Risse and the other park supporters in attendance that they agree about the importance of the park and intend to work through the budget issues. Council President Gerrie Carey said she would like council to set up a time to meet with the board members to “brainstorm” and “go over the nuts and bolts.” They then set up a time for the beginning of the week, in hopes of resolving the issue before the budget comes to a vote at the upcoming Dec. 5 meeting. In other business, Clarks Summit Resident Sarah Dawgert spoke to Council regarding an idea for a small children’s park to be built downtown. She said she believes a park would encourage parents of small children to visit and shop, increasing business revenue. Carey suggested Dawgert form a committee to brainstorm with Council about where such a park could be built and how to fund it. Other items discussed at the work session included: the opening of the TAN bids; ordinances 2012-13 through 17 and resolution 2012-4, to be voted on at the Dec. meeting; the Abington Area Assisted Living sewer pass-through request; and the need to send out another letter to surrounding municipalities about the possibility of a police force consolidation.

Dunkin’ donates Through a regional “Miracle for Munchkins®” in-store fundraiser, Dunkin’ Donuts of Northeastern Pennsylvania announced it has raised and donated $10,500 to support Children’s Miracle Network at Geisinger. On October 31, over 50 Dunkin’ Donuts restaurants in the region offered a free medium hot chocolate to customers who made a donation of $1 or more to support Children’s Miracle Network at Geisinger. The funds raised by this event will help provide pediatric equipment, programs and services at the Janet Weis Children’s Hospital and the Geisinger Health System. This donation aligns with The Dunkin’ Donuts and Baskin-Robbins Community Foundation’s mission to serve the basic needs of our communities through food for the hungry, safety and children’s health.

RANSOM

Continued from Page 1

affidavit. According to the Pennsylvania State Police, during a regular yearly audit, it was discovered that 46 of Zielinski’s residential electric bills, in the amount of $8,909.58, had been intermingled with the township bills and paid with township funds. A Bank of America township credit card had also been issued to Zielinski to facilitate township business. A Ransom Township Forensic Accounting Investigation Report prepared by Marx Accounting and Forensic Services for the period Jan. 1, 2007 through March 17, 2012, lists a “summary of questionable credit card charges and checks,” amounting to $99,228.24, stating in the conclusion that Zielinski “should be held accountable” for the entire amount.

ABINGTON JOURNAL PHOTOS/ELIZABETH BAUMEISTER

Factoryville residents and visitors gather outside Borough Hall Dec. 1 after the lighting of the tree.

Holiday spirit lights Factoryville

ABOVE: From left: Pearl Rivera, Emily Hinkley and Madisyn Wilson work on a Christmas tree craft at the Factoryville Tree Lighting event at Borough Hall Dec. 1.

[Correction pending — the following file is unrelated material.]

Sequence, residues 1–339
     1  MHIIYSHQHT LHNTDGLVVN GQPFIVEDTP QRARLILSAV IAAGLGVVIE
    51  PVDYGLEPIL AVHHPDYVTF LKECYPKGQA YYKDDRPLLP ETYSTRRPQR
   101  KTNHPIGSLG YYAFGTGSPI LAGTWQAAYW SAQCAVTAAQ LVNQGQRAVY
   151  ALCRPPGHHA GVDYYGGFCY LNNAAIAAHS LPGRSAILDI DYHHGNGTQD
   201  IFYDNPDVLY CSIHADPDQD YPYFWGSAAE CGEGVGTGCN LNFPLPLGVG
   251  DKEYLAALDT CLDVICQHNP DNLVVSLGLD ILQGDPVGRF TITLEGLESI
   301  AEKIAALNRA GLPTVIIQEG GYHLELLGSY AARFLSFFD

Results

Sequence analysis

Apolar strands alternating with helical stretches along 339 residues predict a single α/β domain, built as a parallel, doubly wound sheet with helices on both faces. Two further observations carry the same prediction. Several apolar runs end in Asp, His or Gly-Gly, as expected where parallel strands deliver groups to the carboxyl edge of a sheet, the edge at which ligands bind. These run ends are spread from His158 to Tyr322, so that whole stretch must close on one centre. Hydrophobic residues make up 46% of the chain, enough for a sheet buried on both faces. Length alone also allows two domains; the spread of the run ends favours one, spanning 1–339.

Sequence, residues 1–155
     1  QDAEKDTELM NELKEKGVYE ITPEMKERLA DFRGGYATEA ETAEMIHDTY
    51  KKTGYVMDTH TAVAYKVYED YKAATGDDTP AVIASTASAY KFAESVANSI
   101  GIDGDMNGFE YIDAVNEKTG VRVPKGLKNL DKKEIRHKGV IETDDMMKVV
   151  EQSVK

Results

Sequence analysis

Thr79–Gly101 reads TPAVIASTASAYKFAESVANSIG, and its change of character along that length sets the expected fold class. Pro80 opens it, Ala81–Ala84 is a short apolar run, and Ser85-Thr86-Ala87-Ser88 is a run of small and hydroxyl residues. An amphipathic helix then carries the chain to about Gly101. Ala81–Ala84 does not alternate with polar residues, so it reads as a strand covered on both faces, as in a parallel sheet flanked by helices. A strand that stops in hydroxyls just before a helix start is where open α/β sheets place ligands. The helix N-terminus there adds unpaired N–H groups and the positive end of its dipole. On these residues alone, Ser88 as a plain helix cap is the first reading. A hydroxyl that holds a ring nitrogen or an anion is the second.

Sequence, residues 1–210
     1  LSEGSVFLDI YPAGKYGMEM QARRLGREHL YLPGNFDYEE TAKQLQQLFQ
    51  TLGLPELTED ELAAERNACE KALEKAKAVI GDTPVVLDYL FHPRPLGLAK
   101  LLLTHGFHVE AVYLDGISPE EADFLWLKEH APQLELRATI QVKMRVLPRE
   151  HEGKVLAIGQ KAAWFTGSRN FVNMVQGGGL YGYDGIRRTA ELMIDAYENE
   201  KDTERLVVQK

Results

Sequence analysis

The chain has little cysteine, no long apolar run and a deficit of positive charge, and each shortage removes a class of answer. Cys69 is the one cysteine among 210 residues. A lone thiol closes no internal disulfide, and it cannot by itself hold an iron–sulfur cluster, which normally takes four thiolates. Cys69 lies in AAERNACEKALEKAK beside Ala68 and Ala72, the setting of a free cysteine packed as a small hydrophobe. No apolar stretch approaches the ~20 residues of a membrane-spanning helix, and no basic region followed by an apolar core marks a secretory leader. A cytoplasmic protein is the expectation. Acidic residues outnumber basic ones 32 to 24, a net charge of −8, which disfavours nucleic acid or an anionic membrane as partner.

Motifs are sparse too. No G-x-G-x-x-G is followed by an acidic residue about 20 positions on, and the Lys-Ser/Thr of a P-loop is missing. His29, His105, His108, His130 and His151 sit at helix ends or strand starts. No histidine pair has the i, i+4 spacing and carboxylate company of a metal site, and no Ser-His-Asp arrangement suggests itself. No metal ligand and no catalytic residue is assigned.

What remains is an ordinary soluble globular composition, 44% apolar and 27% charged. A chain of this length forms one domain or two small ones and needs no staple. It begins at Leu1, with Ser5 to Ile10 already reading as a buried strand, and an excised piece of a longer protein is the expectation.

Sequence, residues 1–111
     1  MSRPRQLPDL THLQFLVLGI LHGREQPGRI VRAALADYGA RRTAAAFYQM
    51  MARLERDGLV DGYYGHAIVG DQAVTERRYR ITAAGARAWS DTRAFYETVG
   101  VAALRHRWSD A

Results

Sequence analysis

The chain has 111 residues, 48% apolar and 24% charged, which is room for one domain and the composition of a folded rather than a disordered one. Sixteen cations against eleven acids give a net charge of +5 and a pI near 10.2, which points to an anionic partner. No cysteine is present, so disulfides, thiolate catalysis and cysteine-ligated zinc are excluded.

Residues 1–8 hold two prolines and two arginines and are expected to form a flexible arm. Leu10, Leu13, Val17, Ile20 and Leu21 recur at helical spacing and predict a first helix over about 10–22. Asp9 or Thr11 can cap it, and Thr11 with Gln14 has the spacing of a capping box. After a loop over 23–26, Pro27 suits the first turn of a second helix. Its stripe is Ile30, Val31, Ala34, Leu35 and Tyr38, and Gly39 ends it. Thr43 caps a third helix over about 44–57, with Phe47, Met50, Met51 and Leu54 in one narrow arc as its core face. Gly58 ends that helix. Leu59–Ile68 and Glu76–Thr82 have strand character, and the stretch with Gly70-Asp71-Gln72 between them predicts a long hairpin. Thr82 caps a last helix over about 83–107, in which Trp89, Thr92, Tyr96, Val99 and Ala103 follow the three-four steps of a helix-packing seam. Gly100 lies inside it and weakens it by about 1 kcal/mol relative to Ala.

Factoryville residents and visitors attended the Tree Lighting at the Factoryville Borough Hall Building Dec. 1, where children of all ages made Christmas crafts, were treated to snacks, visited with Santa and participated in other holiday activities. GRAPHIC COURTESY BILL RISSE

A colored diagram outlines the operating and administrative budget of the Abington Area Joint Recreation Board.

James Zieger, 2, assisted by his mother Abigail Zieger, makes a Christmas tree craft at the Factoryville Tree Lighting event at Borough Hall Dec. 1.


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www.theabingtonjournal.com

Visual Arts/ Performing Arts B&B Art Gallery Exhhibit, through the end of December, at 222 Northern Blvd, S Abington Twp. Featuring all types of artwork created by Northeastern Pennsylvania Artists, including featured artist Joe Kluck and Maureen Van Nostrand, Rita Eddy, Chris Lathrop, Jan Winemiller, Paul Kaulfers, Lesli Van Zanderbergen and Kirk Van Zanderbergen. Gallery Hours: MondayFriday 11 a.m. - 7 p.m., Saturday 11 a.m. - 5 p.m. and Sunday 12 - 5 p.m. Info: bnbartgallery.com or 585.2525. Actors Circle presents: A staged reading of Charles Dickens’ “A Christmas Carol,” Dec 6, 7, 8, 9, at Providence Playhouse, 1256 Providence Road, Scranton. Showtimes are Thurs, Fri and Sat at 8 p.m. and Sun at 2 p.m. Cost: $8 General and Seniors and $6 for Students. Reservations: 342.9707. AFA Winter Members Exhibition, Dec. 6 - 28 at the AFA Gallery, 514 Lackawanna Ave., Scranton. An opening reception will be held on First Friday, Dec. 7 from 6 - 9 p.m. Scranton Civic Ballet Company presents: “The Nutcracker,” Dec. 7 at 7:30 p.m. and Dec. 9 at 2 p.m. at Scranton Cultural Center. Artistic Director: Helen Gaus. Tickets (free): 344.1111 or 1.800.745.3000. Wally Gordon Community Chorus Christmas Concert, Dec. 8 at the Clarks Summit United Methodist Church, Morgan Hwy. at 7 p.m. The theme of the concert is “joy.” Cost: Free.

Arts, Crafts and More